Organizing Projects

Confession: I have enough UFO’s to complete TWO APQ resolution pages. Yes, 24 UFO’s. That has to change, and I am bound and determined to whittle that list down this year. Again, I have to “see” what I’m working on to stay motivated.  So I made a couple of mini-design boards by pinning batting to artist canvases.  I also use leftover lids from broken plastic bins to store projects I’m working on.

project-boards

During the overhaul, my husband got me a set of sturdy wire shelves to store fabric. Now I can just pull out the bin I need (instead of unstacking boxes all the time). Even better, the shelves have just enough room to slide a project board on top of each box, so I can keep my UFO’s in sight, but not too cluttered.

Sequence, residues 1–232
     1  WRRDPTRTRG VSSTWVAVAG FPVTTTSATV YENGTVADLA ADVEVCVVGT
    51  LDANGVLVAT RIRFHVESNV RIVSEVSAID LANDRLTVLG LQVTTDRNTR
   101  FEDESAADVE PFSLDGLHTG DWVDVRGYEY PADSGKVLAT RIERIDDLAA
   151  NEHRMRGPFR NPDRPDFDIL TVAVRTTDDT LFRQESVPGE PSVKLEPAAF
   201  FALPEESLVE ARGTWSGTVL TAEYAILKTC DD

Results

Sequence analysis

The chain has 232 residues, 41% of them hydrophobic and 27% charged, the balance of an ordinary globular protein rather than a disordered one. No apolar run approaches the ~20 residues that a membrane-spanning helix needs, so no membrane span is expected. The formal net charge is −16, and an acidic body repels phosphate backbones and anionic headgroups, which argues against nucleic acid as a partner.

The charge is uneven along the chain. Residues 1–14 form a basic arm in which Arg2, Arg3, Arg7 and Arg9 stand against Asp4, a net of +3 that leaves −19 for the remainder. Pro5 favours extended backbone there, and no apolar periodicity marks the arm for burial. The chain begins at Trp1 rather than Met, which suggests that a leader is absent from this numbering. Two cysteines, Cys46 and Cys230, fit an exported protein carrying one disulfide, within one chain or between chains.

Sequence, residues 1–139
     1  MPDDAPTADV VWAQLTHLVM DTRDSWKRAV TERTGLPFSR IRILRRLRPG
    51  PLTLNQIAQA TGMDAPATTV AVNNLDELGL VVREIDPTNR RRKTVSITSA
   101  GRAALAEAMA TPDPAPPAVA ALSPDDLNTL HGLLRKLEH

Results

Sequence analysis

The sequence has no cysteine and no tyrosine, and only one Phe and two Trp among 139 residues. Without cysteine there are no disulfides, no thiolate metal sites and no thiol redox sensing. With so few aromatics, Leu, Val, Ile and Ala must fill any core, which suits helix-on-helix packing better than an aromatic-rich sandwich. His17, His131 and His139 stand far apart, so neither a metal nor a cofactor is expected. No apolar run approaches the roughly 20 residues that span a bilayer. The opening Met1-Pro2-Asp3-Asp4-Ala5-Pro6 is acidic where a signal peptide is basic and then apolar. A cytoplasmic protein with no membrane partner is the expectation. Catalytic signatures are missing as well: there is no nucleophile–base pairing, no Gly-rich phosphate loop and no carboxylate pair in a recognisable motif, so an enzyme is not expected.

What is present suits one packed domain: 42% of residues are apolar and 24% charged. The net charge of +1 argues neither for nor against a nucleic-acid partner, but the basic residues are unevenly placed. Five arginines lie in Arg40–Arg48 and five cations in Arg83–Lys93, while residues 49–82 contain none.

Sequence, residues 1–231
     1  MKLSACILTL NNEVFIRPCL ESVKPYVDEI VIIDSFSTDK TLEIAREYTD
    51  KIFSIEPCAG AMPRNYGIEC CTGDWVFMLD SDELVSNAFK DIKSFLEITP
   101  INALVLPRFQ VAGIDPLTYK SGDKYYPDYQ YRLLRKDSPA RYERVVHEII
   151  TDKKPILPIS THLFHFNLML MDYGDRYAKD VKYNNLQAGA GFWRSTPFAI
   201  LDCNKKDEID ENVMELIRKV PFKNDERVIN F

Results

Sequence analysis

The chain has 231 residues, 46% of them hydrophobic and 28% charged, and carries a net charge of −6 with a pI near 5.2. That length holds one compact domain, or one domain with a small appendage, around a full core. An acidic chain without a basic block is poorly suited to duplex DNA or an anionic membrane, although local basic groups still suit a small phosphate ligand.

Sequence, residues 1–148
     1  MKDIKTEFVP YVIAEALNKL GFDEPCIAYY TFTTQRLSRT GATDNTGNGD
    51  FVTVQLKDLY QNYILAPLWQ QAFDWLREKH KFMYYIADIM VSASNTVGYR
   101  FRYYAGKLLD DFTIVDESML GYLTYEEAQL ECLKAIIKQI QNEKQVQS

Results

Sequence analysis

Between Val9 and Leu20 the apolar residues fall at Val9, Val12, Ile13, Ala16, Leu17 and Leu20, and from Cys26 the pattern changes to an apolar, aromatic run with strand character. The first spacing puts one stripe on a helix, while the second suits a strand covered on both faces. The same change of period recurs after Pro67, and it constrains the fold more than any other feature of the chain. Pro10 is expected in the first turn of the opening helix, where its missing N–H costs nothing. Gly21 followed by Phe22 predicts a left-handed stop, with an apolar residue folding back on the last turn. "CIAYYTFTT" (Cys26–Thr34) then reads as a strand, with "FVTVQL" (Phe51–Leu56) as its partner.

Organizing Notions

Last but not least, I FINALLY found a way to organize my most-used rulers. These are usually out on my sewing counter, or propped up on the floor near my sewing counter.  Which means I’m always losing them, tripping over them, or worse, cutting my toes along the edges of them. (true story). I bought some inexpensive coffee cup hooks at World Market, and hung them from the sides of the new shelves.

hanging-rulers

Now they’re easy to find, and impossible to trip over. I also hung a roll of masking tape on one of the cup hooks, which I guesstimate will save about 20 minutes per quilt.  Everyone in the house uses masking tape, so I can never find it when I’m ready to baste a quilt. Now my roll is hung high enough that the kids will never snag it.

So that’s my studio makeover.  I estimate it cost me about $70 for the shelves, magazine boards, and cup hooks. Here’s how the studio looks now:

after-picture

 

Still far from perfect, but FAR more inviting and accessible than it has been. I love my new private quilt “store”, and spent the entire past weekend in it, sewing with my girls.  Now, to tackle those UFO lists. .  . .

What’s your favorite way to organize your quilting space?

Happy Stitching!

emily